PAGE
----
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Washington, D.C., World Bank, 1990. , 156 p. (World Bank Discussion Papers 102; World Bank Discussion Papers Africa Technical Department Series)As a companion volume to the first volume on trends and characteristics of migration and the relationship to development issues, this paper for each of 42 Sub-Saharan countries reviews demographic and migration patterns, policies, labor markets, agriculture, remittances, education/brain drain, refugees, and health as appropriate. The reduced tables by country include basic economic and demographic indicators for Sub-Saharan countries, a summary of the stock of migrants by source and destination countries, determinants and intermediate effects of the remittance system, government policies toward population distribution and mobility in terms of acceptance, refugees in need of protection.assistance annually 1985-88, asylum and source countries ranked by refugee stocks for 1988, and significant voluntary repatriations. The data were obtained primarily from census reports; however, the data reflect a time range between 1967 and 1982, undocumented migrants may or may not have been included, and guests may have been excluded from the surveys. Some preliminary analyses revealed that the relationship between the growth of aggregate gross domestic (or national) product and the stock of migrants was insignificant, and that the negative relationship between economic performance and stock of emigrants was not supported. Analysis did show that West African regions have significantly higher proportions of immigrants at the .012 level. Future research might explore the finding that countries with large immigrant populations have higher natural rates of population growth, excluding growth from immigration. Another finding was that enrolled primary school children in the country of origin are negatively related to the stock of emigrants as a percentage of resident population of that country. Finally, internal and external migration are interrelated. Further data collection is necessary because of the shortcomings of available data.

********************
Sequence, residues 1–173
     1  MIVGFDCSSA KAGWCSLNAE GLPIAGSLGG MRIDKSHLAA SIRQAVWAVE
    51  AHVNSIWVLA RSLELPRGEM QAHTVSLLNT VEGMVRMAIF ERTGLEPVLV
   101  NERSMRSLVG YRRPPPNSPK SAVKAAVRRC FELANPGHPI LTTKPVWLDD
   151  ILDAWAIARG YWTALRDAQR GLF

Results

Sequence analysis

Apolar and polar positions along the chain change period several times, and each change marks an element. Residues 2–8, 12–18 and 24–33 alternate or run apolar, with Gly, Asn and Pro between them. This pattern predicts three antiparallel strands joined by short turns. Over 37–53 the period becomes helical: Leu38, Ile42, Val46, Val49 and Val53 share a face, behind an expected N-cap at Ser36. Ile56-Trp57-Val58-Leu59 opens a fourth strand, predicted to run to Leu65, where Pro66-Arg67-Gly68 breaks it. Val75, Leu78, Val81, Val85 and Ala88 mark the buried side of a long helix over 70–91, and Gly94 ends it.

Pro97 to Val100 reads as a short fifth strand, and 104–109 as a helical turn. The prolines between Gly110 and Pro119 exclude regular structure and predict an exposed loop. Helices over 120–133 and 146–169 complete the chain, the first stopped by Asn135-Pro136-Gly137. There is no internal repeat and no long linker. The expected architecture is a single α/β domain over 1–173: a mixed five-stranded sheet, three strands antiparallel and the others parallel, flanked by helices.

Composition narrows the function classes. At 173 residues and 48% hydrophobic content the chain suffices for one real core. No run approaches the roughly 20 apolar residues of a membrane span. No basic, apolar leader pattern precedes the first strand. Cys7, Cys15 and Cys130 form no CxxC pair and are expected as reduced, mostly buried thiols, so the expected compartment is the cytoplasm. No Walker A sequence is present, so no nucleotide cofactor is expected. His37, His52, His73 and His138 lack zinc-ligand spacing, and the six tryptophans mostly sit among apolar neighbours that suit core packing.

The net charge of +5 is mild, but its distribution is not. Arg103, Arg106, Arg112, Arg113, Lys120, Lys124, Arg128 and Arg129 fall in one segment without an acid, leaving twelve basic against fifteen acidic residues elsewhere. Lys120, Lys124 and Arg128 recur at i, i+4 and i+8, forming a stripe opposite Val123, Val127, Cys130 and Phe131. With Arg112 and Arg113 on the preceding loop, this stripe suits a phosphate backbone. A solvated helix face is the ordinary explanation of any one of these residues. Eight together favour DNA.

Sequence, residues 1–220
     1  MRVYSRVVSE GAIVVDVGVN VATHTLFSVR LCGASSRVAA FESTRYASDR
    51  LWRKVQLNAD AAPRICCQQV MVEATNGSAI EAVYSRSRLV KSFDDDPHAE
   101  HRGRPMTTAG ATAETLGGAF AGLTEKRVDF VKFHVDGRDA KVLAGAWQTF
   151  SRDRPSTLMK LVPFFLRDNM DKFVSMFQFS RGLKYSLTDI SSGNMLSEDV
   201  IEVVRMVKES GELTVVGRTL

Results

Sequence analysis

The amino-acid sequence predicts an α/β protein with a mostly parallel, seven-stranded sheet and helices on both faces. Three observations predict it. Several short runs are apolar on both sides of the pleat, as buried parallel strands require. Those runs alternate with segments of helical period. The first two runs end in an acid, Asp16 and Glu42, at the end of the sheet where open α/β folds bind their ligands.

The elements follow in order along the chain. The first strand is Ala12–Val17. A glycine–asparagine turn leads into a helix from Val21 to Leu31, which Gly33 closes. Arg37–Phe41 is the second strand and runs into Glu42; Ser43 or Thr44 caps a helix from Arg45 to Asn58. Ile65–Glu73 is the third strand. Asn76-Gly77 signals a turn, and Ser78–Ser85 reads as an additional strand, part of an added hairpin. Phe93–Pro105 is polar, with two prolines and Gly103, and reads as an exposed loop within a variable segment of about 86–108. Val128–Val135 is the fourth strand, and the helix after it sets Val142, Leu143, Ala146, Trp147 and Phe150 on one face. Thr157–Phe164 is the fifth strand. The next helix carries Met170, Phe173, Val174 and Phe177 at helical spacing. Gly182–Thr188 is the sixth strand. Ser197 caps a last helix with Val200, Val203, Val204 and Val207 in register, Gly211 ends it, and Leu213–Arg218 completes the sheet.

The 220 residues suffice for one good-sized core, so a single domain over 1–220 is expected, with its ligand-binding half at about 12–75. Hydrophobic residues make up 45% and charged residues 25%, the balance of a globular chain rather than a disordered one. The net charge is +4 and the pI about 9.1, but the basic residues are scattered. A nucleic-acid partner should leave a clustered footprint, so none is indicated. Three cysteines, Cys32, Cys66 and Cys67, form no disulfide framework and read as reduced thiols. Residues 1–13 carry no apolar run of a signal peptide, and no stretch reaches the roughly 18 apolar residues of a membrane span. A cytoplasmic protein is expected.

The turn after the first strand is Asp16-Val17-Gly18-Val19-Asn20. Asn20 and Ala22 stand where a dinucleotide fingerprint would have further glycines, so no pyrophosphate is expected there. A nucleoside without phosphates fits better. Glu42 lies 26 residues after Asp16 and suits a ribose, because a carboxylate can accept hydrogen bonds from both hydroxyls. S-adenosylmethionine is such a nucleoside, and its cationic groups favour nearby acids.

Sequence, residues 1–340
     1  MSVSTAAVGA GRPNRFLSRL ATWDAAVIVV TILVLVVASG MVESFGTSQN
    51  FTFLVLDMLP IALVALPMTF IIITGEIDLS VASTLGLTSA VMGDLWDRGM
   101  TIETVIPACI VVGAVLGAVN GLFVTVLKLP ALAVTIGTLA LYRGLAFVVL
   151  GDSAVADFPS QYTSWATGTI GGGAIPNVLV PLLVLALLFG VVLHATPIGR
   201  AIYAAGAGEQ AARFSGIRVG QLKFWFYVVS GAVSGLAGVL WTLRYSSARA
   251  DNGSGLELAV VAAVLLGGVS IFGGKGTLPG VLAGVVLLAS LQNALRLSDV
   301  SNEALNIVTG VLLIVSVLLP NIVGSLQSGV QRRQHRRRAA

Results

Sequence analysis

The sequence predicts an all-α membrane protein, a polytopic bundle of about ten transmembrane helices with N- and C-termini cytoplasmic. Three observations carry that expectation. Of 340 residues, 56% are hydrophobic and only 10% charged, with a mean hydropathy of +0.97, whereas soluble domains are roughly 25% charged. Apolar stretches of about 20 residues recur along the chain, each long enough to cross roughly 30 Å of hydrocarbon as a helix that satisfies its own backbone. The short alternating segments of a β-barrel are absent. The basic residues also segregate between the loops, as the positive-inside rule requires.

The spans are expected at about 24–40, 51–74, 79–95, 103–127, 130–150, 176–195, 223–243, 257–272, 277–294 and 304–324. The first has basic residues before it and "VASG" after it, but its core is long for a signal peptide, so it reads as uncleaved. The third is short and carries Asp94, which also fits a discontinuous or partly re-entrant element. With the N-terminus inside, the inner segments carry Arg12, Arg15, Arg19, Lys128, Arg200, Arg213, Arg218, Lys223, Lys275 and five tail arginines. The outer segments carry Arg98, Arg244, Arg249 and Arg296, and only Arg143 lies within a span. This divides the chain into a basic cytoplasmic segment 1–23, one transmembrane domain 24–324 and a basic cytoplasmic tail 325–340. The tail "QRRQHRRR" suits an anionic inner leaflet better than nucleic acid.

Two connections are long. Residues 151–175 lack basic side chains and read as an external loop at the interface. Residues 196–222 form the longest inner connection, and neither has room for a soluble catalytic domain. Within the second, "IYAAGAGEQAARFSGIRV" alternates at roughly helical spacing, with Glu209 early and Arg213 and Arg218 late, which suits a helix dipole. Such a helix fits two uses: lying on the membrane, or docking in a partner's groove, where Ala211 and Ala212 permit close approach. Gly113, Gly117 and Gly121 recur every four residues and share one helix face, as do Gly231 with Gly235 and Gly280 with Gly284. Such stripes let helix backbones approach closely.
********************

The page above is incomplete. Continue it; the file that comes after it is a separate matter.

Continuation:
International Migration/Migrations Internationales/Migraciones Internacionales. 1986 Mar; 24(1):129-45.The social phenomenon of massive temporary international labor migration from the ESCAP region has emerged extremely rapidly. Within 10 years, the number of persons from ESCAP countries grew from a negligible one to 3.5 million. Related research and government policies have lagged behind this latest surge in migration. Most research conducted has been small-scale and lacks an analytical or theoretical framework. Policy formulation for temporary labor migration is difficult because most of the rapid growth in the industry has occurred as a result of private efforts, with a minimum of government intervention. It is now difficult, for the government to provide effective regulations or measures to stimulate and assist the process. Regulations on compulsory remittances or overseas minimum wages have proved to be unrealistic and, if not rescinded, are routinely circumvented. The most effective policies to assist return migrants may not be those which are intended to do so, but those which control the earlier stages of the migration process, such as recruitment, working conditions, and banking arrangements. The most valuable policies may also include those affecting education, training, employment, and general socioeconomic growth. Governments are recommended to provide social services for migrants and their families who are experiencing problems, and to institute community programs in areas with a large number of labor migrants. Governmental efforts to promote forms of labor migration beneficial to the workers would be valuable and should include measures to identify overseas labor markets for employing its nationals, government ot government labor contracts, and government participation in joint-venture projects. International migration should be analyzed in the context of theories and social change in order for governments to formulate effective measures for the reintegration of returning workers. Labor migration on the current scale has many social implications for the sending countries; relationships between employers and employees, the government and private sectors, and white and blue collar workers are affected. Social change and technological innovation will become more rapid, women's status and family roles will change markedly, and behavior is likely to become less conformist and more individualistic. (author's modified)